It’s been a bit of a family tradition to do a football pool with every World Cup and EuroCup. This year my brother didn’t have the time to take it unto himself to organize the entire pool, so I offered to do it instead. Last Friday I got everybody’s predictions and I realized what a pain it was going to be to update everything by hand…

This weekend was HackCamp though, so I figured I could just as well turn my family’s football pool into my hack for the two days. I started with the idea to make an actual site where every family member could log in and check their scores. After messing around with GWT and Google App Engine for a couple of hours, I felt a bit overwhelmed and tried to look for a simpler approach.

I turned to Google docs’ spreadsheets. The tricky bit was to calculate all the scores correctly. See how our family plays the pool is to make predictions for all the matches in the first round; you get 3 points if you get the result right (draw, win, loose), but an extra 7 points for the exact score. Then predictions for who goes through in the second round, but extra points if you predict the right spot (for instance A1 and A2). Then, points for correctly predicting who goes through to the quarterfinal, semifinal and final and finally the winner. Then I also wanted a graph to show some more info per game:

I won’t go through every single step, but you can check the sheet how I did it all. Yeah, it is ‘just’ a spreadsheet, but turns out you can do a couple of interesting things with it, and it was a perfect solution for my family’s pool. For starters, I can generate charts based on the data and embed them elsewhere, like here on my blog:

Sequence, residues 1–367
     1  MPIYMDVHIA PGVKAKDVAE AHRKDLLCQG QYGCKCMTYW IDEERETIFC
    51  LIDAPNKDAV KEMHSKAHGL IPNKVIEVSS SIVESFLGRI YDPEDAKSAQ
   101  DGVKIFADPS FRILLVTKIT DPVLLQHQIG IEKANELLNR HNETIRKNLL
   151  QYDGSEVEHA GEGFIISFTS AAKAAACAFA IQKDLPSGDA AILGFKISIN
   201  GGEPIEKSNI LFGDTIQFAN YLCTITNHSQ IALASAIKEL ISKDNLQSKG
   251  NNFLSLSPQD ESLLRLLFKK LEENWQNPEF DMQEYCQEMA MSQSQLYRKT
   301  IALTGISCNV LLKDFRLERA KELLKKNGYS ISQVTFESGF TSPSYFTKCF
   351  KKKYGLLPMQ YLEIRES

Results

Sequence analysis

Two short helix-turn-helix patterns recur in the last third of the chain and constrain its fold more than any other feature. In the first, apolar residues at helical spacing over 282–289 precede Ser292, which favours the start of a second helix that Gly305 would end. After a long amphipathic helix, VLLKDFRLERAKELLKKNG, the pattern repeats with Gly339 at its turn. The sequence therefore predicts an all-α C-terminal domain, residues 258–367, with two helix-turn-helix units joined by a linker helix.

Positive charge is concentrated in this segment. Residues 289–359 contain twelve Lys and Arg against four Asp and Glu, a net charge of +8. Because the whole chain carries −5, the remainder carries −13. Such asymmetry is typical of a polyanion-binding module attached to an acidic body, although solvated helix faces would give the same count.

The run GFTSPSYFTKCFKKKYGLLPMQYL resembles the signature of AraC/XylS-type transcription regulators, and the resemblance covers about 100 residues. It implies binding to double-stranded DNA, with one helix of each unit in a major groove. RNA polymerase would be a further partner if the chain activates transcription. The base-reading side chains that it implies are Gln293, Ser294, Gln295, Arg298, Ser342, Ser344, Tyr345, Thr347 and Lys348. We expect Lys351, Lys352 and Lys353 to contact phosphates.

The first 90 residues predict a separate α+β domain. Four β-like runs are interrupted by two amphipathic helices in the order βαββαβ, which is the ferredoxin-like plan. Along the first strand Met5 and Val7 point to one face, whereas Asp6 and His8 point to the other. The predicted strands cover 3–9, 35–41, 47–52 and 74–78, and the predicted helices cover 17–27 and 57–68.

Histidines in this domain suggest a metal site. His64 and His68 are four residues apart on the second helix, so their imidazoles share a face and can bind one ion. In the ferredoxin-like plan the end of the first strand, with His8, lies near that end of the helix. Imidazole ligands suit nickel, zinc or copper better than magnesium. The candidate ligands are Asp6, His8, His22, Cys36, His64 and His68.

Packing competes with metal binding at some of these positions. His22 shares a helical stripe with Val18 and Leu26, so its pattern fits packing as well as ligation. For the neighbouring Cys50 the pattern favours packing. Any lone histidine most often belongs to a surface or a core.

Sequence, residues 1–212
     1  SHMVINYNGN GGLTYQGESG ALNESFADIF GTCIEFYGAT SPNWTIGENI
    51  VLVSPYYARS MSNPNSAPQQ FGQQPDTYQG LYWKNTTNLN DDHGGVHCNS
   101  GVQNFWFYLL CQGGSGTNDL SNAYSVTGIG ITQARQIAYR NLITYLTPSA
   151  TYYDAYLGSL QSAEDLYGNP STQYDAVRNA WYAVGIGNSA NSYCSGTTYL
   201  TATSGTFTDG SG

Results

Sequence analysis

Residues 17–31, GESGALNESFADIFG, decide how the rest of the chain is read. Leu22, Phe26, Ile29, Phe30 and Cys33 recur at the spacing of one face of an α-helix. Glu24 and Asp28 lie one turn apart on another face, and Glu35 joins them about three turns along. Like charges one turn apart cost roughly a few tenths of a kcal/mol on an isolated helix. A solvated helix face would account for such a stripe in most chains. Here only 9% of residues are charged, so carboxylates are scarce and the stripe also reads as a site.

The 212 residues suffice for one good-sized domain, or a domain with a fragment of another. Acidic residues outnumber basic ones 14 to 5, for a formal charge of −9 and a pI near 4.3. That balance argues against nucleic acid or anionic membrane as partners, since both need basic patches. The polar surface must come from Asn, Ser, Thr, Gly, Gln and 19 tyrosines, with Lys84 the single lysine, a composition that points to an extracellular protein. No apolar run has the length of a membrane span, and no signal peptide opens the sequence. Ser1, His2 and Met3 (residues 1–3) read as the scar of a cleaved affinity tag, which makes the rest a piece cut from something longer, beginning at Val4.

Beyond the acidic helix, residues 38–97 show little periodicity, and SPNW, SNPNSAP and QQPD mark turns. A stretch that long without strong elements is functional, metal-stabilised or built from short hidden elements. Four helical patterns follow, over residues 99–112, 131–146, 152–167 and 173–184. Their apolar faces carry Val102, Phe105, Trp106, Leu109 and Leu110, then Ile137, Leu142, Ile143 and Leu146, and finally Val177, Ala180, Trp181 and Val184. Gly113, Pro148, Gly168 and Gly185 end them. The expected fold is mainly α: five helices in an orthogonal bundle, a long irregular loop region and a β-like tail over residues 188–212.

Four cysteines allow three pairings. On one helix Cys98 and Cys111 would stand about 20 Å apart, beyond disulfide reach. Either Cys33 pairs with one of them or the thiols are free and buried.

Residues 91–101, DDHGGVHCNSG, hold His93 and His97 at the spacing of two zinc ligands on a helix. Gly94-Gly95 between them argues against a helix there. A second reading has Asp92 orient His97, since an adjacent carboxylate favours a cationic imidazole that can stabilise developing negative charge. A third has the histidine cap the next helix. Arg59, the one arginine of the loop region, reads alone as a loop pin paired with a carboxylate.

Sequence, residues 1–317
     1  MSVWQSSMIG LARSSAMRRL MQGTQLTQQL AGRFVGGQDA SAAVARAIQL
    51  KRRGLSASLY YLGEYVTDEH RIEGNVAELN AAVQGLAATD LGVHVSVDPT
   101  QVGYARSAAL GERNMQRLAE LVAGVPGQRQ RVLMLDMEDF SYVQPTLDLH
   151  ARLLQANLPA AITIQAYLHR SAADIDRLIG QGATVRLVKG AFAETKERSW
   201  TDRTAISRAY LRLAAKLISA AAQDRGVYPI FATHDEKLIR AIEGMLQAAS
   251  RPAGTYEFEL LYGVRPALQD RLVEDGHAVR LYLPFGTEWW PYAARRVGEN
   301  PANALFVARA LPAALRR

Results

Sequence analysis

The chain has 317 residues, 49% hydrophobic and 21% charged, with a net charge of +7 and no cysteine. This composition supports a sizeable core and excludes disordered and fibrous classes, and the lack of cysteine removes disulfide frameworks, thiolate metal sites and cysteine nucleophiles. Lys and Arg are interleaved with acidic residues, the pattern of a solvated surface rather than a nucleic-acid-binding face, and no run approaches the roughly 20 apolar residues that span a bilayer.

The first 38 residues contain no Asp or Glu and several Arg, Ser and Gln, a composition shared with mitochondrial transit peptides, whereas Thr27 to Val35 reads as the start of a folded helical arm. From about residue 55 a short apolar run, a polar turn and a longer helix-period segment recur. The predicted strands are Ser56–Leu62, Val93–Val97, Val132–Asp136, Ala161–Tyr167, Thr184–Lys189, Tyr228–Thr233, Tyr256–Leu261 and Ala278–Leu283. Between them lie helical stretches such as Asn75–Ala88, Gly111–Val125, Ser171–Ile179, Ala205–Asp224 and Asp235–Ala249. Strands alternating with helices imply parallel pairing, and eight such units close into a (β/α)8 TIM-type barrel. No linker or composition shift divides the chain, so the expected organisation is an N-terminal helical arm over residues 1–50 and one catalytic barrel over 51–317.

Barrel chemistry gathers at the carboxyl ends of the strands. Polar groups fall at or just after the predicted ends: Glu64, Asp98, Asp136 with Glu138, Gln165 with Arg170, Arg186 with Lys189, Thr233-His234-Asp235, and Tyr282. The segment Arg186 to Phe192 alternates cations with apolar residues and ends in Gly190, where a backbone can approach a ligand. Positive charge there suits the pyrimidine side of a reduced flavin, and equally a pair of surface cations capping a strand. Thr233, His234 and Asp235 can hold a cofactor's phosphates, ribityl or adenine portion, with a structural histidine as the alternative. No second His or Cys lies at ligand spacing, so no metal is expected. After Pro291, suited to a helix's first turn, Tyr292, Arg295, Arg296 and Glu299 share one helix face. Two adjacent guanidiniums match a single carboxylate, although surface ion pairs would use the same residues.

This chart shows how many points every person in the pool has made, with each game in it’s own colour (for instance, gray: both Mum and Matt predicted correctly that it would be draw between England and USA). If you look at the chart within Google docs (Chart 1), you can even click on each bar and see which game it is.

Here you can see per game who scored what (and which games no one predicted correctly). The one thing I’m still trying to get working is having the scores automatically updated, without me having to touch anything at all (at the moment the one thing I have to do is enter the score per played game). I got it almost working! Surprisingly I couldn’t find any simple RSS feed or XML with only the score data in it. I found a Twitter account that updates the scores during the game, put it through a Yahoo Pipe to strip out only the data I wanted. Problem right now is getting that Pipe to show the data correctly (it seems like every change I make in the pipe doesn’t show properly until a new item shows up). Once that works though, it shouldn’t be too difficult to import the data into the spreadsheet.

So I entered my ‘hack’ for the HackDay yesterday and I won a prize! I got a cool Duracell USB battery with which I can charge all my gadgets on the go. Even though I’ve been to a lot of hackdays, this is the first time I’ve actually made something. I know it’s just a spreadsheet and not the most impressive thing I could have done, but it works for what it was meant for.

Not sure if anybody might be up for it, but I’ve created another version of the spreadsheet, so that my blog/Twitter followers can play along too! Just fill in your predictions for Round 1, Round 2 and the Quarter/Semi/Finals and the rest will be taken care of.  (Or if you want to play with your own friends, I think you can make a copy from within Google docs).

Tags: Events